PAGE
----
The cognitive dimension of Global Mindset Development (GMD) is determined by 15 major factors. Most importantly are, cognitive complexity, cosmopolitanism, cognitive flexibility and global business knowledge.
Cognitive Complexity must be predominantly considered as a prerequisite needed to develop Global Mindset on an individual level. Its inherent aspects of simultaneously applying differentiation and integration as a basis of the ability to obtain a higher knowledge base needed to synthesize various environments are mainly determined by the intelligence of a manager. Therefore, the notion of cognitive complexity can be considered as a genetic predisposition. It is also about the way our brain process information and how much information they can handle at any given time. With respect to global mindset it means that there are many more variables to consider in decision making when working across cultures and global markets. A person with high cognitive complexity is someone who is not looking for easy, quick solutions to a problem. He or she understands that the world is little complicated. Someone with a high cognitive complexity is thoughtful, is curious, and asks a lot of questions before coming up with a solution. In contrast people with low cognitive complexity have a pocketful of solutions looking for problems. They are so quick. They may not even understand what the problem is, but in their mind, everything is simple because they do not have the capacity, the training, or the experience of understanding the complexity of the issue. It is a movement between critical and analytical thinking to reach synthesis.
Cognitive Flexibility is strongly connected to the notion of cognitive complexity. Thereby, cognitive flexibility is the central enabler needed to bring one’s complex thoughts into action. As a result, it can be stated that neither cognitive flexibility nor complexity have a sufficient effect on Global Mindset Development for themselves. If they are intertwined, however, they are a central part of it. Being able to think complexly and having the basic ability to apply this knowledge is central to learning and speaking foreign languages. As proven by empirical studies, speaking foreign languages is a central advantage in developing GM.
The final factor of the cognitive dimension is especially relevant to develop a GM in a global business environment. Based on a manager’s overall cognitive abilities and on the notion of cognitive complexity and flexibility, one has to develop a global business knowledge, acumen, savvy regarding the inherent connectivities and ambiguities of today’s globalized business environment. Following Beaman (2005), this knowledge is necessary to gain understanding of this environment. Nevertheless, this factor is written in parenthesis to make clear that, while business knowledge is an important factor in developing GM as a manager, the knowledge goal should be different when considering GMD in other fields, as for example politics.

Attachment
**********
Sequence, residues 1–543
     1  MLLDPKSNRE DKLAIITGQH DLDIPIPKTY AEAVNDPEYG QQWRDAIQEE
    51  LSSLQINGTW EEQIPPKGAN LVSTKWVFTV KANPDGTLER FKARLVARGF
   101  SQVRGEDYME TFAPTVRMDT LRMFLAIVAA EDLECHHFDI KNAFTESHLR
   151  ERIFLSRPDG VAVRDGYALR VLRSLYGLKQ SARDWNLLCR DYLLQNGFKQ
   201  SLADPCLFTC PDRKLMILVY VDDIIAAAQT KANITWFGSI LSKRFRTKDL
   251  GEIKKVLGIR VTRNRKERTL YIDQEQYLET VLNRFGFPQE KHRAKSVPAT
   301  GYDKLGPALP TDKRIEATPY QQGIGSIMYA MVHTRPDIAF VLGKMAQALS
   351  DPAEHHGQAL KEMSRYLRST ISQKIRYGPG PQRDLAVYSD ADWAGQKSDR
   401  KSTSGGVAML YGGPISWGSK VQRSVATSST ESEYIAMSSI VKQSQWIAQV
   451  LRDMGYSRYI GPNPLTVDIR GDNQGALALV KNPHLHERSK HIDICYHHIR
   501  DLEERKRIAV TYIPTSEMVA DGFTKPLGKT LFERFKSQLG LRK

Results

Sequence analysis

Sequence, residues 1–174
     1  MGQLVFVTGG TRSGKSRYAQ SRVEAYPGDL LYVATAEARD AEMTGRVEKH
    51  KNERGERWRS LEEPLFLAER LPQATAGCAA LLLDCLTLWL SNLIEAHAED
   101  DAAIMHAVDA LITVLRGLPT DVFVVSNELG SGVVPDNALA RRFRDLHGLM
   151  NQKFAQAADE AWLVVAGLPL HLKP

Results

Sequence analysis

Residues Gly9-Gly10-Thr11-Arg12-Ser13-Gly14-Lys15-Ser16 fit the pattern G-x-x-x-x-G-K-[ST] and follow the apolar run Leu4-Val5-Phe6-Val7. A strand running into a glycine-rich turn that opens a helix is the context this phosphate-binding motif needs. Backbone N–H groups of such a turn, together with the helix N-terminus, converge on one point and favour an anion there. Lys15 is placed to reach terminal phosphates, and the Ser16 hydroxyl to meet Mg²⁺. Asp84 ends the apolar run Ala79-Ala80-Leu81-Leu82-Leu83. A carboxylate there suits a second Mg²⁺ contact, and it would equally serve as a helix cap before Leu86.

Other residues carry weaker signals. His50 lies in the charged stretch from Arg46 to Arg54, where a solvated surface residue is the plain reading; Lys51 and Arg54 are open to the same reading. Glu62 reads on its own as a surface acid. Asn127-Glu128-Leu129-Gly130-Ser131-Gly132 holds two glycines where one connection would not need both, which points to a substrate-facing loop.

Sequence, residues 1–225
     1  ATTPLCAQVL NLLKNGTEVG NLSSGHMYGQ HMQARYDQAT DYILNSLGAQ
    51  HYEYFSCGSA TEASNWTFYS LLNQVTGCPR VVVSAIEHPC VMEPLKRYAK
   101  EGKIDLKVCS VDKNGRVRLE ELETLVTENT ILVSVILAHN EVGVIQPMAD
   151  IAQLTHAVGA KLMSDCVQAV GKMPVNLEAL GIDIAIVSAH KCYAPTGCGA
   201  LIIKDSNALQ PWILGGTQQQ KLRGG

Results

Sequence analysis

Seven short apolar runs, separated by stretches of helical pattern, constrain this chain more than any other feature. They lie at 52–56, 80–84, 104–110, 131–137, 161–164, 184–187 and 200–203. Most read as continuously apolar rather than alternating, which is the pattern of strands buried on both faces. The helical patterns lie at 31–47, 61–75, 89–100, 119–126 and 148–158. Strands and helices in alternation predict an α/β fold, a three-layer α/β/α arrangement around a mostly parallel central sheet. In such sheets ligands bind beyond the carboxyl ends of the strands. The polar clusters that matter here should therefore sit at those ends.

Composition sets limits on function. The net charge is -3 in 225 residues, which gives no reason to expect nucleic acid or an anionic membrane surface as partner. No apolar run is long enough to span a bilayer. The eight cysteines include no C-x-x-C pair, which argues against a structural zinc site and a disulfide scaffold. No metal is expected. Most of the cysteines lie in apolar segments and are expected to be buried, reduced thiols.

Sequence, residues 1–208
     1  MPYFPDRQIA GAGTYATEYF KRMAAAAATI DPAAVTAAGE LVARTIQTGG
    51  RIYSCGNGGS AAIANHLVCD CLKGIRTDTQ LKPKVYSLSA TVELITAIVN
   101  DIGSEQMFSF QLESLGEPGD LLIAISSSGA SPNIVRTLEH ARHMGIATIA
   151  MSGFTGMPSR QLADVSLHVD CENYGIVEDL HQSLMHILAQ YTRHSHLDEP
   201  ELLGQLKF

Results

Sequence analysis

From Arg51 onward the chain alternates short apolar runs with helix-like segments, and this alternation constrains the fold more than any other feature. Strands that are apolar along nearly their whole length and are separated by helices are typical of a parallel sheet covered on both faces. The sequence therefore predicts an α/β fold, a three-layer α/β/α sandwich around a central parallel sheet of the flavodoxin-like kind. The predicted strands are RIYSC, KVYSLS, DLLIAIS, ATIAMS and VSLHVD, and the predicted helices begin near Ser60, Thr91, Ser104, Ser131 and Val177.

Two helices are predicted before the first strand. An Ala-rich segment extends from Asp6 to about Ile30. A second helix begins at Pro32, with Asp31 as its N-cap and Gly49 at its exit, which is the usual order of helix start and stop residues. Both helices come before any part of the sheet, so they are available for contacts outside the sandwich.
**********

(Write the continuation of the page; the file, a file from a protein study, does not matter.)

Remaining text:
As the notion of affective is strongly connected with the notion of emotional, it is necessary to clearly define the underlying definition used for this course. Psychological scientists emphasize the importance of emotions as they are significantly influencing a person’s thinking, actions and decision-making (Izard, 2010). The foundation of emotions can be basically identified in the individual value structure, the moral and ethical values and the fundamental understanding of the emotions’ meaning. Earley et al. (2007) describe individual emotional states as “…truly reflective of a person’s feelings” (Earley et al. 2007: 86). Thereby, it is important to underline that the individual emotional response is predominantly “culture-specific and context-based” (Konyu-Fogel, 2011: 68).
The emotional dimension is an important underlying aspect of the affective psychological state construct, which includes several components (Scherer/Ekman, 1984: 298). As Dekker (2016) describes, the affective dimension “…consists of the feelings or emotions that people have in relation to the attitude object” (Dekker, 2016: 71).
Within the affective dimension affective interpretation and affective response can be identified. While both are directly connected to the emotional dimension, the affective interpretation describes the emotional or feeling response which was triggered by a message (Konyu-Fogel, 2011: 68). The “…affective response addresses expressions of feelings, moods, emotions, and sympathetic nervous responses and verbal statements of affect” (Dekker 2016: 70)
As one of the underlying dimensions of Global Mindset development, in the context of this course, the affective dimension will refer to all components regarding to an individual’s feelings, emotions and the consequential affective responses. Topics to be analyzed are to be mindful, have emotional empathy which takes a lot of energy to work cross-culturally (willingness to engage). Furthermore, this affective level deals with appreciation for the diversity of peoples in our world and to encourage more and more people to strike up conversations and friendships with diverse others.
The affective dimension is central to apply one’s cognitive abilities in practice. Isolated, cognitive abilities are not enough to develop an individual Global Mindset. Rather, a manager must be capable to find the right mediums and actions needed to succeed in a global business environment. Having enough cognitive foundation, the following affective factors have to be developed in order to expand one’s degree of Global Mindset: (1) Openness (2) Curiosity and inquisitiveness, (3) Self-Awareness, (4) Self Efficacy
Openness is often referred to as part of cosmopolitanism (Cseh et al. 2013).